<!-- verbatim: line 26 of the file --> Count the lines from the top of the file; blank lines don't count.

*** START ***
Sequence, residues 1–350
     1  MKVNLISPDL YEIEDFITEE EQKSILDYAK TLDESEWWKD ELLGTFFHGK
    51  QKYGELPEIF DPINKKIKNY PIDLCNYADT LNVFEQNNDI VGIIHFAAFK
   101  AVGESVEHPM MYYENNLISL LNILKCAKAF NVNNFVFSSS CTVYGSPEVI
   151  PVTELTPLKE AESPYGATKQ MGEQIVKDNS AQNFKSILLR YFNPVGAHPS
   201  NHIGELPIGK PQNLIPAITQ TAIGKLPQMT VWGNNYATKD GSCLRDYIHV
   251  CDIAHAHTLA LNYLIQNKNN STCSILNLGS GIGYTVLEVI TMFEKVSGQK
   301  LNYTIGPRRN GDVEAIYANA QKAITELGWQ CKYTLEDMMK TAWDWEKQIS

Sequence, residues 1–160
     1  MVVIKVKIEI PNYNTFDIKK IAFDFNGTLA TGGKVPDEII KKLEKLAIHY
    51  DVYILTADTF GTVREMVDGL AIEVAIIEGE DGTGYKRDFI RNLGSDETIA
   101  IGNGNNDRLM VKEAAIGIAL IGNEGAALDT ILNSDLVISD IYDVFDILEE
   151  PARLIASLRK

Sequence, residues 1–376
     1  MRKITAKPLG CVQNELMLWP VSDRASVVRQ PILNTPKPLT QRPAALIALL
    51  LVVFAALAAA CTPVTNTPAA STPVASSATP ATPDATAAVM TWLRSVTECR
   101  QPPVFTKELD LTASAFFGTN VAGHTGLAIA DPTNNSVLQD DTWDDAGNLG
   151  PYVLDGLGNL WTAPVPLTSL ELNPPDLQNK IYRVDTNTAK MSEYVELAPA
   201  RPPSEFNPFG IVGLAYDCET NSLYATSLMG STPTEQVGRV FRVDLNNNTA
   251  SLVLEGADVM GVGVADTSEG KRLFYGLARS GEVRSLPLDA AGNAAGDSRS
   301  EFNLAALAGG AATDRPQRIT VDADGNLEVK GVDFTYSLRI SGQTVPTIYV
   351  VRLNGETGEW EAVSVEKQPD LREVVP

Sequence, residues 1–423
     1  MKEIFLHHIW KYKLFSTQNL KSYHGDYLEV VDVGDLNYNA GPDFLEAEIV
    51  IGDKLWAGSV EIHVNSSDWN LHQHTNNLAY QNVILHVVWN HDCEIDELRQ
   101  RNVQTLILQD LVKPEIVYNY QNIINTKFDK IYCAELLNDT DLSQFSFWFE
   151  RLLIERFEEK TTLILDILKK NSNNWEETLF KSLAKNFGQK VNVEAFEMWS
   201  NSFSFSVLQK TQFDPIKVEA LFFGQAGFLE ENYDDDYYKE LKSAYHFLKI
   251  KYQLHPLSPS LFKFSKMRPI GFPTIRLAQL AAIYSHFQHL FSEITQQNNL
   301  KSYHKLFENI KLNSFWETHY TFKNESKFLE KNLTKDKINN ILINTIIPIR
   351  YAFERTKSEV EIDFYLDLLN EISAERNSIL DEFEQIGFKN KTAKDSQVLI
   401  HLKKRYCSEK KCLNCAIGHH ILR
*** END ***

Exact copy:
   101  RNVQTLILQD LVKPEIVYNY QNIINTKFDK IYCAELLNDT DLSQFSFWFE